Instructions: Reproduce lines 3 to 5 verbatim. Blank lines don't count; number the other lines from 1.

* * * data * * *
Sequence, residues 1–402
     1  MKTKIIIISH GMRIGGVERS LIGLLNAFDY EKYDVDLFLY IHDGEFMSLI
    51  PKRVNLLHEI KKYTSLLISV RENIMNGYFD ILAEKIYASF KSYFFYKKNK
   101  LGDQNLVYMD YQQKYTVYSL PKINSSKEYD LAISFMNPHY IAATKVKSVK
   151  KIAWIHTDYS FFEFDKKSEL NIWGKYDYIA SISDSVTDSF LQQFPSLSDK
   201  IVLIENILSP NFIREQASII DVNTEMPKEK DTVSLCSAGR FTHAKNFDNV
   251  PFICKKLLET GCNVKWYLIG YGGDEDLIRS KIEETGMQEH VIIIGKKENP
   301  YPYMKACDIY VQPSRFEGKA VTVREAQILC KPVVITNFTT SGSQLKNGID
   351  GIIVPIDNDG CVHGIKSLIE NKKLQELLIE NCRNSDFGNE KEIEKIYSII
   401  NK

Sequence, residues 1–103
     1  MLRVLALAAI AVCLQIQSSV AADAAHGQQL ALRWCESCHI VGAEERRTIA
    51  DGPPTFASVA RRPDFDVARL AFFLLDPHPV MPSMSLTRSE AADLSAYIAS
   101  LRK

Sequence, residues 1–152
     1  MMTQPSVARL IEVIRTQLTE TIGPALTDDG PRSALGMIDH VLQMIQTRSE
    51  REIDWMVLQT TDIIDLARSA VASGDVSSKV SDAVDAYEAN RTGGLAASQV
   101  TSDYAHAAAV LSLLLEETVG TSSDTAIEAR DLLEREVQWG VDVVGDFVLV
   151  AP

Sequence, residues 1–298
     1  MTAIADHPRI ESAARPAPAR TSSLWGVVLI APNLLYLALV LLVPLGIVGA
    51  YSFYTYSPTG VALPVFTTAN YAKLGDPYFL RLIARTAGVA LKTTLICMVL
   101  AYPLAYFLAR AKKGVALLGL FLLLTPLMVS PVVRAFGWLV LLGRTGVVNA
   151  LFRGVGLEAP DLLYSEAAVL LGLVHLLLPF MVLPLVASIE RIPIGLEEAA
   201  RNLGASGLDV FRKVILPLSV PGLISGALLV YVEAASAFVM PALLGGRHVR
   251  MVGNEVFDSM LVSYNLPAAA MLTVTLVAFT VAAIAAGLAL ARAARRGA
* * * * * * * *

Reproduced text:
    51  PKRVNLLHEI KKYTSLLISV RENIMNGYFD ILAEKIYASF KSYFFYKKNK
   101  LGDQNLVYMD YQQKYTVYSL PKINSSKEYD LAISFMNPHY IAATKVKSVK
   151  KIAWIHTDYS FFEFDKKSEL NIWGKYDYIA SISDSVTDSF LQQFPSLSDK